It's one of the main streets into the real city centre. Some have more cars, this one was recently redone, the bus was removed and replaced with little electrical buses and the sidewalks were removed too.



This street, well outside the centre, was redone recently too. It's now a bicycle street which means cars are guests and have to adapt to cyclist's speed instead of passing them. It's only to keep the connecting streets accessible so people can park near their home or their visit.

It's things like that happening lately. Less seperation rather than more, cars are slowed down and ever fewer in numbers. That doesn't mean kerbed cycle paths are outdated and useless, it depends on the street or road, but here it's more an improvement of the 90's. It's not the measure of advancement because there are already steps taken that go further and it doesn't solve the conflict between bikes and cars, it just controls it. What lots of people don't realize is that when cycling is truly dominant it's a paradigm shift and the perspective changes. Bike lanes become a limitation of space for the cyclists who would like to have the full width of the road available and they don't mind the odd car in between. A lot of space is kept away from the bikes to let the cars go fast, so it becomes car friendly infrastructure. If traffic is really calmed effectively, who is the vulnerable road user? The cyclist is much more agile and can do what he wants and if there's contact the car will usually have more damage than the bike and will have to pay for all. I've brushed a lot of cars, and hardly ever felt brushed by them. Cars and bikes don't need to be seperated, as long as the cars adapt their speed they can come very close. It's the speeds that you have to keep seperated
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Old 04-02-19, 02:49 AM
  #39  
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Came here to say something but @Stadjer said everything i wanted to say.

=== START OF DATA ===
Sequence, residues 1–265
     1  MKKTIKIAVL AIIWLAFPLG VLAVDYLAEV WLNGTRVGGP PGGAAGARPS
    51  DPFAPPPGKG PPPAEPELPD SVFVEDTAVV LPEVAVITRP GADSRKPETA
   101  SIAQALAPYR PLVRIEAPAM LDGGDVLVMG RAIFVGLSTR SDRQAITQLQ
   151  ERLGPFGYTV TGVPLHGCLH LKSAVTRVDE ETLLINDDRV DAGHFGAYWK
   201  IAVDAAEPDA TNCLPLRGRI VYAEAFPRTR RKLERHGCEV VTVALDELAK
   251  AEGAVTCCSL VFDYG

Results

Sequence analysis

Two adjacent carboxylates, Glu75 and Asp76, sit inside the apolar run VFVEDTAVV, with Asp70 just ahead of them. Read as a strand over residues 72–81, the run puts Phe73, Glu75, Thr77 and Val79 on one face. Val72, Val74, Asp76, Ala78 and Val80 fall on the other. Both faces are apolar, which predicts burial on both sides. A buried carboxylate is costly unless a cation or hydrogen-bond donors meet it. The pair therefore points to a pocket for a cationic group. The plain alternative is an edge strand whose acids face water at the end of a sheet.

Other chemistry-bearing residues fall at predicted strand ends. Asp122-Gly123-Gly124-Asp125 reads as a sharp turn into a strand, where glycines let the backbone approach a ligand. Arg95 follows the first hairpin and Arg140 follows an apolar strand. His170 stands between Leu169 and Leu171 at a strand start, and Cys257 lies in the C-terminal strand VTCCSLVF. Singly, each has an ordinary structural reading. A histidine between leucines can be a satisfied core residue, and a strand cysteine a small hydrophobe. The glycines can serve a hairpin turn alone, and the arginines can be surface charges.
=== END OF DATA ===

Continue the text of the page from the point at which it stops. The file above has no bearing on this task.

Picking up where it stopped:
that said the guardian is just doing a whole bunch of fear mongering but not sure who the audience for it is. most if not all dutch and dutch residents would pretty much call bs on that whole thing and continue their usual use of bikepaths. Honestly confused on intended public of that article
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Old 04-02-19, 03:58 AM
  #40  
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Originally Posted by Stadjer View Post
Less seperation rather than more, cars are slowed down and ever fewer in numbers. That doesn't mean kerbed cycle paths are outdated and useless, it depends on the street or road, but here it's more an improvement of the 90's. It's not the measure of advancement because there are already steps taken that go further and it doesn't solve the conflict between bikes and cars, it just controls it. What lots of people don't realize is that when cycling is truly dominant it's a paradigm shift and the perspective changes. Bike lanes become a limitation of space for the cyclists who would like to have the full width of the road available and they don't mind the odd car in between. A lot of space is kept away from the bikes to let the cars go fast, so it becomes car friendly infrastructure. If traffic is really calmed effectively, who is the vulnerable road user? The cyclist is much more agile and can do what he wants and if there's contact the car will usually have more damage than the bike and will have to pay for all. I've brushed a lot of cars, and hardly ever felt brushed by them. Cars and bikes don't need to be seperated, as long as the cars adapt their speed they can come very close. It's the speeds that you have to keep seperated
Again... I fully understand your sentiment - and the shared paradigm you depict is essentially the de-facto circumstance in the entire suburbs of Copenhagen (outside the few key motor inroads we do have) - there's not even any need to mark anything / add signage (which looks super quaint to a Danish person) it's simply the established traffic norm already.

In a heavily congested urban centre like central Copenhagen however... a shared space would entirely annul the possibility of car traffic altogether... I live quite central and would personally fully welcome that! I strongly believe cars don't belong downtown. But I also appreciate that it's a process... given the photo references you're posting I'm not sure you fully appreciate the extent of the bicycle commuting culture here... since 2016 the amount of daily cyclists actually outnumber motor vehicles:



This is a completely typical picture on my daily commute:



Without dedicated biking paths / in a wholly shared paradigm - car traffic wouldn't stand a chance... and you could say that would be desirable - but we also have to consider political viability... sadly we're not quite in a place to abolish car traffic in central Copenhagen altogether... but you have my vote

It's not all rosey... far from it - we still have many things to work out/improve... given the congestion and some people's poor driving manners, many consider other cyclists the bigger problem - not cars... but we've come quite far I'd say.

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Old 04-02-19, 04:01 AM
  #41  
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Originally Posted by phile View Post